Dienekes scowled as he navigated the maze of corridors that made up the central core of Skion’s mighty flagship, The Violence Untouchable, on his way to the office of His Serenity. Miles below was the scorched surface of a Swarm homeworld slowly being pummeled to dust by the cannons and torpedos of several dozen Skion armadas. The invasion proper was days away, a bloodless affair to confirm the total destruction of organic life and begin terraforming operations, and until then there was little for Dienekes to do. In practice this meant he was constantly at the beck and call of the Serenity, dawdling in his opulent office that the warship was designed around.
The doors to the office, fittingly referred to as The Palace, slid open and Dienekes footsteps echoed in the expanse. A giant window looked into the void, fifty feet tall and hundreds wide, showcasing the masses of ships and transports that added endless munitions to the barrage that scorched the planet below. His Serenity sat on a balcony above, peering out lazily with an empty glass in his hand.
Dienekes was exhausted, not from the toil of battle but from the weight of all that he knew. Above him was the same Serenity that had served Skion since the victory in the First War, but it was not the same man. Dienekes remembered when the career politician with carefully manicured hair was clad in gleaming battle armor. He remembered when he, too, took his place on the battlefield instead of the comfort of an office far from danger. No one else remembered those days, only he, Skion’s only QuantumSurfer, was burdened with these memories.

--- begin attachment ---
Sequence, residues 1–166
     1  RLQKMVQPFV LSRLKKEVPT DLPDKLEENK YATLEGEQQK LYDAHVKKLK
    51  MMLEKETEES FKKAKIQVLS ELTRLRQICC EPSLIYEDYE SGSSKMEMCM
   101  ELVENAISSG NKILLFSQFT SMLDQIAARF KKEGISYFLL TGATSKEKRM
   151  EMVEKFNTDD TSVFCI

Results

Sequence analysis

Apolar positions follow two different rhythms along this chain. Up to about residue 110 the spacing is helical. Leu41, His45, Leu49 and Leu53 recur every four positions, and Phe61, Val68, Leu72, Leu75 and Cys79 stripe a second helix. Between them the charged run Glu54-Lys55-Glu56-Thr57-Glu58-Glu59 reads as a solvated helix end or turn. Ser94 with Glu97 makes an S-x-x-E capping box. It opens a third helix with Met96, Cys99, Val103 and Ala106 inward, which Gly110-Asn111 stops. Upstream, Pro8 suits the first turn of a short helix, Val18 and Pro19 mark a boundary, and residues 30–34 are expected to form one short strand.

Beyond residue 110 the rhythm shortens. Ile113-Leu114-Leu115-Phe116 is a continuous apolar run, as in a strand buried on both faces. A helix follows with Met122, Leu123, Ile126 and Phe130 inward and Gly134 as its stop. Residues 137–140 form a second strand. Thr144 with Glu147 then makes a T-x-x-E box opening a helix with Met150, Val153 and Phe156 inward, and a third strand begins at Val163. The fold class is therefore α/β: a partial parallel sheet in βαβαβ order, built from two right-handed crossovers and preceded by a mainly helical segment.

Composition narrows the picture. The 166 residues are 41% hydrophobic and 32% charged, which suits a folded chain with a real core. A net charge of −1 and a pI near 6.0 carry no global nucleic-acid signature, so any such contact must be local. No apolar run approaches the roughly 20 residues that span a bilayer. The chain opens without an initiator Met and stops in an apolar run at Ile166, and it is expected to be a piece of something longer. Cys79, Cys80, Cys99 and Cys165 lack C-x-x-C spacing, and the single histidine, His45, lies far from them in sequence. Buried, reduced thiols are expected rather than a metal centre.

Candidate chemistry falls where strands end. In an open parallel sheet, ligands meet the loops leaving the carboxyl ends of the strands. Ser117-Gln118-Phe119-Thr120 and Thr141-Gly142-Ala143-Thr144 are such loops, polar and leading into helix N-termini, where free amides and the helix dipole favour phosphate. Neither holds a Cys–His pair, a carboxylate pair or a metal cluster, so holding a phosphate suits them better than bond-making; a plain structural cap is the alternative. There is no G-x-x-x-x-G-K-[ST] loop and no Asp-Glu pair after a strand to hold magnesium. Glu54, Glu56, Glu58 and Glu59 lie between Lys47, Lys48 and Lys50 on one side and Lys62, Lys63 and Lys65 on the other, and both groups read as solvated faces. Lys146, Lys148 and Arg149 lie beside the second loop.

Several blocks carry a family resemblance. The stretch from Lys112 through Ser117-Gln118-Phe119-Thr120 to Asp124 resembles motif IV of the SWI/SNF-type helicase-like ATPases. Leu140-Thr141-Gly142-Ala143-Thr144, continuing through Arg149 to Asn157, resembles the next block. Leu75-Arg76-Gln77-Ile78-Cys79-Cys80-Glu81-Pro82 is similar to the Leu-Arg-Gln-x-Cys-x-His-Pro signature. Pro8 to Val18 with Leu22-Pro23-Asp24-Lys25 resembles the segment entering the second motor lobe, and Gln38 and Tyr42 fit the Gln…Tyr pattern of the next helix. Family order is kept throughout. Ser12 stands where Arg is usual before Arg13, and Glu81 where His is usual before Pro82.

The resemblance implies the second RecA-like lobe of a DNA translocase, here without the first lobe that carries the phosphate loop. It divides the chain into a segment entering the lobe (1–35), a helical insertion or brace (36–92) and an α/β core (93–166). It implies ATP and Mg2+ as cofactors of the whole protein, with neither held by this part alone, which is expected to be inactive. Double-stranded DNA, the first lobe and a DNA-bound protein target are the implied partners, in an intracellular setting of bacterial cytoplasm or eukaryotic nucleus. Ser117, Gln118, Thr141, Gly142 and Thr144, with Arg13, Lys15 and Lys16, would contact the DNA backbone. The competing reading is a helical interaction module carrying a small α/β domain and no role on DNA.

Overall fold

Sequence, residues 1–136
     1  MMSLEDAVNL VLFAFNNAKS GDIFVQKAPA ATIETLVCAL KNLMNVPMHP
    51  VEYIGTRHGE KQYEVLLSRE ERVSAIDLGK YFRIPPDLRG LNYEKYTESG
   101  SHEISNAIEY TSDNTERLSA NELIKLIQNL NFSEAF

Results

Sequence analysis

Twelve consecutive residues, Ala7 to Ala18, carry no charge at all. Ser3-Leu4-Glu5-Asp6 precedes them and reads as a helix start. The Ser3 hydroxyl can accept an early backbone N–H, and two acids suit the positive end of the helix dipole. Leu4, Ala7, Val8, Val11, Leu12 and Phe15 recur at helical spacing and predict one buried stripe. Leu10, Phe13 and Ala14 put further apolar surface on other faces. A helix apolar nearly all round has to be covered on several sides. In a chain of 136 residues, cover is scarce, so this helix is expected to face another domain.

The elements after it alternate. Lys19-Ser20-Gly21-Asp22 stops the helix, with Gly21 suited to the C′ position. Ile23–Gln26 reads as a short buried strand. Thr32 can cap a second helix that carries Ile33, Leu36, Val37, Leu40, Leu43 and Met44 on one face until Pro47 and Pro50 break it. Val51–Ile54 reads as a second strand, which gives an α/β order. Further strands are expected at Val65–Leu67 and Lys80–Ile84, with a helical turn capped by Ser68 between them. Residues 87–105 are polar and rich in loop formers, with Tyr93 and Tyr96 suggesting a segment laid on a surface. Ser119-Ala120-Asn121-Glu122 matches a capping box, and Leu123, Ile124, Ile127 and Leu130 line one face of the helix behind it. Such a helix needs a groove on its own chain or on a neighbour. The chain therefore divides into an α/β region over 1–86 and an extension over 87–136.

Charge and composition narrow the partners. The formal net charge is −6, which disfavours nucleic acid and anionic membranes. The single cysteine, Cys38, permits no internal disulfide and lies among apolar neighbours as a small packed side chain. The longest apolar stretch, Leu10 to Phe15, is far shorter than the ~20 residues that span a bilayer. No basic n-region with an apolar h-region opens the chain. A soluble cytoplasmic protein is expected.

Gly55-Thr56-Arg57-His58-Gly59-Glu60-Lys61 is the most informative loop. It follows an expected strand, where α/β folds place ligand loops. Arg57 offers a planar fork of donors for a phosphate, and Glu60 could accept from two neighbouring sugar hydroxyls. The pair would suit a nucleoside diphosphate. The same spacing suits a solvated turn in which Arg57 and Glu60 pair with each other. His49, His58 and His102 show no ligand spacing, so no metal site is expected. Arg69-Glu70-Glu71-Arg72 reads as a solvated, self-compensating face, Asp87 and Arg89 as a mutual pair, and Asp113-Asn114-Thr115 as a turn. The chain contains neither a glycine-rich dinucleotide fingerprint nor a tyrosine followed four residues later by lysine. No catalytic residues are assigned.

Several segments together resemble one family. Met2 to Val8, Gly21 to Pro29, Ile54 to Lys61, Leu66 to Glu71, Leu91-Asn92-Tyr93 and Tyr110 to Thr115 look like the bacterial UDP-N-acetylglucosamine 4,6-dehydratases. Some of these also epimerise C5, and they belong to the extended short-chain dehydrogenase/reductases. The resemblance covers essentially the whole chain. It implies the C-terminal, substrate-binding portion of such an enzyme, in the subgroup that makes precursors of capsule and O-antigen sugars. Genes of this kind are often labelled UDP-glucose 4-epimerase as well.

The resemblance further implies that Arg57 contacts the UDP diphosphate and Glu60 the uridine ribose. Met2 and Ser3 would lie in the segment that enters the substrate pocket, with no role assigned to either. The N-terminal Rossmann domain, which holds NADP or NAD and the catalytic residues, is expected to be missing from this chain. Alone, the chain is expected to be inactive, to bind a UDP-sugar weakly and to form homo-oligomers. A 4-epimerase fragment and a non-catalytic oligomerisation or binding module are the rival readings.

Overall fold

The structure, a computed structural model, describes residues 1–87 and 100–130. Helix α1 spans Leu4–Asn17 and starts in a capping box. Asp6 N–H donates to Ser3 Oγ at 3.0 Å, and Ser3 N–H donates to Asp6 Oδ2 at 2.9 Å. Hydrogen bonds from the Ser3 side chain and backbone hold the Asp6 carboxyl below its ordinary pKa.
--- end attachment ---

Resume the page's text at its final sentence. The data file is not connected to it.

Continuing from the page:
“Ah, Dienekes,” the politician said, pretending he had just notified his arrival, “I’m glad you’re here.”
Dienekes stood in the atrium of the immense office, declining to perform the customary bow of respect.
“My Serenity,” Dienekes acknowledged the man.
“How goes the bombardment? I must say the view here is spectacular!” He asked, making his way down the glass stairs toward Dienekes.
The scowl deepened. They’d had this conversation every day since the fight started.
Dienekes could not talk to this version of his leader. How pompous and unruly he had become. Where was the warrior? Where was the discipline and foresight?
“Very good, very good,” His Serenity continued, “come, have a drink, won’t you? Watch the fireworks with me.”
Dienekes could still remember when he and Eldon stood before this very leader, the same man but altogether different, and were informed of war. His Serenity still wore power armor. Skion still deployed their great mechs. He and Eldon wore different kit in those days, too, before the kanon had been scrubbed and tampered with. He struggled to keep it all straight, burdened with the memories of days and events that vanished from lesser minds.
“I wish you were still as I remember,” Dienekes said after a long pause.
“Pardon?” Came the reply.